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Trucking Group Teaches Faith without Works is Dead

Jul
18,
2012
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Deaf Truckers United

Deaf Truckers United at NAD 2012 Conference with FMCSA representative Larry Minor

Truck drivers throughout the country are feeling the ever increasing pressures and obstacles of driving professionally.

CSA and the point system, EOBR’s included in the Transportation Bill, HOS, possible sleep apnea testing mandates, lack of truck parking, anti- idling laws, high fuel prices, categorized as unskilled labor, detention time and the possibility of even more regulations.

Drivers are now voicing their thoughts and opinions, believing that many of these obstacles and regulations are unjust.

Many drivers are “working” towards a better career and life, yet none are fighting harder than the trucking group: “DTU.”

One of the most vocal and passionate groups addressing regulations is the Deaf Truckers United ( DTU).  The regulation they are fighting for is the right to drive. They believe driving is a skill and is not dependent upon the ability to hear.

Many other countries agree with this as their deaf are allowed to drive. As a matter of fact, insurance companies also agree with this, stating that “Deaf drivers are among the safest drivers.”

Brenda Palmigiano

Brenda Palmigiano, Founder of Deaf Truckers United (DTU)

Last year at the 1st Annual Truck Driver Convention, many within the DTU group attended.

With the aid of two interpreters,they were able to take part , including approaching the podium during the open forum to express their passionate beliefs and convictions regarding the antiquated regulations regarding hearing requirements of the FMCSA.

Listen to part of the speech within the highlight video that Jesse Shelander of DTU gave during the 2011 convention.

Watch the audience also, to say everyone was moved, would be an understatement.  They witnessed “Faith and Works.”

Jesse Shelander- Interpreter Kristy Chaney

Jesse Shelander with interpreter Kristy Chaney of DTU- addresses Audience and Panel at 1st Annual Truck Driver Social Media Convention

On July 6th 2012, the National Association for the Deaf ( NAD) had a Conference in Louisville, KY.

For 2 hours,  DTU members;  Bruce Dunn, Randall Doane, Morris Townsend, Lon E. Smith and Dean DeRusso met with Larry W. Minor, FMCSA Associate Administrator for Policy and Program Development.

Please read the following written by Dean DeRusso, a lead member of DTU and participant of the NAD conference on KY.  It is a summary of their goals as deaf drivers and also the summary of the NAD conference  with FMCSA representative Larry Minor.

 The following has been written by Dean DeRusso

“Our presentation at NAD Conference in Louisville, KY focused on the success of why Deaf people CAN drive trucks and  that we have been successful.  Panel list was: Lon Smith, Randall Doane, Morris Townsend, Bruce Dunn, Larry Minor, and Dean DeRusso (lead the questions).”

 “The presentation was with a special announcement of the history of DTU and told about how Brenda Palmigiano founded the group and how it grew to 150 members around the country of deaf truckers who either fear losing their license, have a license, or their experiences of losing their license.  They showed the FMCSA how they got into the trucker business.  Two of them had  family businesses, while the rest needed a job.  They loved the trucking and their job and nothing could take that away from them.”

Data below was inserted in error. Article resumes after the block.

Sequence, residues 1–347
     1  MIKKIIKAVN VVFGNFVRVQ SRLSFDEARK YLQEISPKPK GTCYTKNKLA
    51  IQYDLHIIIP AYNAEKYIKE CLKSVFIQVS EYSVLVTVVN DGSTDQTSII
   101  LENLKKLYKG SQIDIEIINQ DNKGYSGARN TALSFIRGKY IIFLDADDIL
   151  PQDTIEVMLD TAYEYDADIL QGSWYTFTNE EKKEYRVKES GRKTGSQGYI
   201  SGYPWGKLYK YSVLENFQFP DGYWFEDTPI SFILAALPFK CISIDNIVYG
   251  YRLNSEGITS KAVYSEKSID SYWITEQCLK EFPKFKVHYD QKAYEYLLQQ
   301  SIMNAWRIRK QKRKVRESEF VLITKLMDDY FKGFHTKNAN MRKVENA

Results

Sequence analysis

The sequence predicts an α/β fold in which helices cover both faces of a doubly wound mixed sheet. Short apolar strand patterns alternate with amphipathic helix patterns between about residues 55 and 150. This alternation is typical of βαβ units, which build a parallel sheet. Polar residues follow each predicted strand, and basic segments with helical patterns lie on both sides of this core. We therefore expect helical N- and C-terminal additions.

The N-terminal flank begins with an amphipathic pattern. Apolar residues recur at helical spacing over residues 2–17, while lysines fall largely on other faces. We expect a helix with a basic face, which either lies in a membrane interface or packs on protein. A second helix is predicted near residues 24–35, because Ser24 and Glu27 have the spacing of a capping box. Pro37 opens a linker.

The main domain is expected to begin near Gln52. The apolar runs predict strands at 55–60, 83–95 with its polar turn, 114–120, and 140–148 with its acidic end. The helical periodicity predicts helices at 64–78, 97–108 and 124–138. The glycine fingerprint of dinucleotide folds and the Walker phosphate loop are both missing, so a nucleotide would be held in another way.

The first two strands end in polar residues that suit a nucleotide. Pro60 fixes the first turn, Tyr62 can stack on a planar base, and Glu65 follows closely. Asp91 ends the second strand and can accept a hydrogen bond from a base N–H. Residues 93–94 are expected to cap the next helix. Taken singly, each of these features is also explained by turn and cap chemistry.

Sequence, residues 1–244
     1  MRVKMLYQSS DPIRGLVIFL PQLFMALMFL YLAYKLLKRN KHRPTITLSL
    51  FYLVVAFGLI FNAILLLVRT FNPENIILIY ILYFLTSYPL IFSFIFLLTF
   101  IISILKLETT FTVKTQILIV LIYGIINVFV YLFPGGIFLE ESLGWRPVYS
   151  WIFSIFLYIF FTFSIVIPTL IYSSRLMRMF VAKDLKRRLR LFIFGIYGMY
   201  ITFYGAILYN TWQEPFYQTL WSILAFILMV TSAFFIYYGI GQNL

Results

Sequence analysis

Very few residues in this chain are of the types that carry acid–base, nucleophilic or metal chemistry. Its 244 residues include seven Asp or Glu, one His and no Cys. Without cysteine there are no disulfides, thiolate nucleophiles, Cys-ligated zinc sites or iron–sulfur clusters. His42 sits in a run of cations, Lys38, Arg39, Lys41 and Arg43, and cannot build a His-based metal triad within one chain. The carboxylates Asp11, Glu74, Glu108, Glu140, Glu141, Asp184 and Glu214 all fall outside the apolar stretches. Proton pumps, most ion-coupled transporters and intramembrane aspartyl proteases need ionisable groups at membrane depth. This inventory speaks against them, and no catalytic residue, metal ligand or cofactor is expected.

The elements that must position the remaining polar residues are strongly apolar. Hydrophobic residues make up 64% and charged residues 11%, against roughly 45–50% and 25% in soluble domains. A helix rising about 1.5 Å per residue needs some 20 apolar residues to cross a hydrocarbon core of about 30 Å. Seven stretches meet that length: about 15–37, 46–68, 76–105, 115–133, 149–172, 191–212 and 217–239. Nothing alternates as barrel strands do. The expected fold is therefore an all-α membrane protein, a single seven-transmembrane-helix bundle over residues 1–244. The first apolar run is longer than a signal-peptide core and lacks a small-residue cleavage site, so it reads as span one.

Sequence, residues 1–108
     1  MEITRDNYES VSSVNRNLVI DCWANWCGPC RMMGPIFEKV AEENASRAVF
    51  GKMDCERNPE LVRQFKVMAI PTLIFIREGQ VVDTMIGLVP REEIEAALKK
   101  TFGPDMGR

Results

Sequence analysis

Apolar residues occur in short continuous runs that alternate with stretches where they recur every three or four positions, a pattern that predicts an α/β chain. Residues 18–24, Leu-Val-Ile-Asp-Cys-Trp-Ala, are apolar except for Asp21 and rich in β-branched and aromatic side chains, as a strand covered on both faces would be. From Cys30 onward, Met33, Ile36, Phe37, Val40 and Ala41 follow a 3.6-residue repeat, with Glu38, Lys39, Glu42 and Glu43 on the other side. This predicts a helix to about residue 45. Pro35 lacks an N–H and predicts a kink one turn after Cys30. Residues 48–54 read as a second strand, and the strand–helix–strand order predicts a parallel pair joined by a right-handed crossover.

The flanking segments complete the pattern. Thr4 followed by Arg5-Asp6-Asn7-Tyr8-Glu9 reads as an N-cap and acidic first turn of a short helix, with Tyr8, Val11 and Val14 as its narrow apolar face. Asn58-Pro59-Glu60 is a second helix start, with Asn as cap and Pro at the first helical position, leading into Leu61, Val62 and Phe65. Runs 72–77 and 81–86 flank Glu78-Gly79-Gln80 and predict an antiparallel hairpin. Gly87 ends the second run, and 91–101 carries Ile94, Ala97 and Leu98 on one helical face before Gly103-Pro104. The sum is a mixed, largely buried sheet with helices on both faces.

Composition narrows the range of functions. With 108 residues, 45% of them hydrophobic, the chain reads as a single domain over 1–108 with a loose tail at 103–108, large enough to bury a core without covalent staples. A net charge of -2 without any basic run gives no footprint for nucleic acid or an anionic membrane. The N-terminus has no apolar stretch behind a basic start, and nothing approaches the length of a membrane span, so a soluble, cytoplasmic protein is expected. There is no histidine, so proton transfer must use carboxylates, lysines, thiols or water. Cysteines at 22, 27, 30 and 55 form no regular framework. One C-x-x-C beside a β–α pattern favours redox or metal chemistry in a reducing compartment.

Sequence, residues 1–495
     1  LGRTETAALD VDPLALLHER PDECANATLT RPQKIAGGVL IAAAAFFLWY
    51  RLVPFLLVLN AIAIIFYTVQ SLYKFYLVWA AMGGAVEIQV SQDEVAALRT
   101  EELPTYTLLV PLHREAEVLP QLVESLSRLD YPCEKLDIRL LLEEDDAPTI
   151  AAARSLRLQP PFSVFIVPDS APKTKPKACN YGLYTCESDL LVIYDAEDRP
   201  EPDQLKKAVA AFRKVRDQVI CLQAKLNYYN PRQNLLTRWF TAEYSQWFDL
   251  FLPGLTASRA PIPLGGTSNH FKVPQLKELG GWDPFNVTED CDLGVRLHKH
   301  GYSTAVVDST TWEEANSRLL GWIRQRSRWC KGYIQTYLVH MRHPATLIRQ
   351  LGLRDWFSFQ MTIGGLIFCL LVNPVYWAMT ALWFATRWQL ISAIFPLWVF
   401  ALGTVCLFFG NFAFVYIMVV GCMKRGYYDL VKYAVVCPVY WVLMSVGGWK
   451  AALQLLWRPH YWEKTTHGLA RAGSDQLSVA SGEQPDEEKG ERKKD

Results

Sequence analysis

“DTU felt that there was a strong need to show FMCSA that the solutions for safety of deaf drivers are already found in the FMCSA Manual, mainly because the hearing requirements that were modified were created to allow hearing truckers hear due to the noise of the muffler behind the cab.  And, many hearing solutions that were given to the hearing include technology solutions such as lights, psi gage warnings, mirrors and further to help all truckers drive.  There currently are no reasons to place deaf people as a safety concern related to driving trucks.”

 “National Association of the Deaf (NAD) has been working on this for twenty years.  DTU reminded the FMCSA representative of what NAD found in the past as Mary Vargas, NAD Lawyer who has been working closely with DTU found that FMCSA already did research.”

 “This hearing test was adopted in 1970 and revised in 1971 to allow drivers to take the test with hearing aids.  The test was never based on any research of any kind; it is a dinosaur, a relic of past misconceptions,” Mary Vargas, one of several NAD Lawyers, said.  “In 2008, the Federal Motor Carrier Safety Administration (FMCSA) commissioned a study of the hearing requirement and all existing research on deaf drivers.  That study concluded that there is no evidence of increased crash risk in drivers who are unable to pass the Dept. of Transportation hearing test.”

 * That report can be found HERE.

“DTU also found recent research in hearing loss for deaf people shows that if a person lose one of their five senses.  The other senses will replace it.  For example, those who can not hear will replace their sense of sight and touch to assist them on hearing.  One very well written by Daphne Bavelier, “Do deaf individuals see better?,” TRENDS in Cognitive Sciences (2006,) says that “Deaf individuals were more distracted by peripheral distractions than were hearing individuals.”  This shows evidence that deaf people are better drivers because they are able to catch things from outside the central focus better than other drivers out there.  This means that although they can not hear, they will be able to catch things from mirror view better than those who hear.”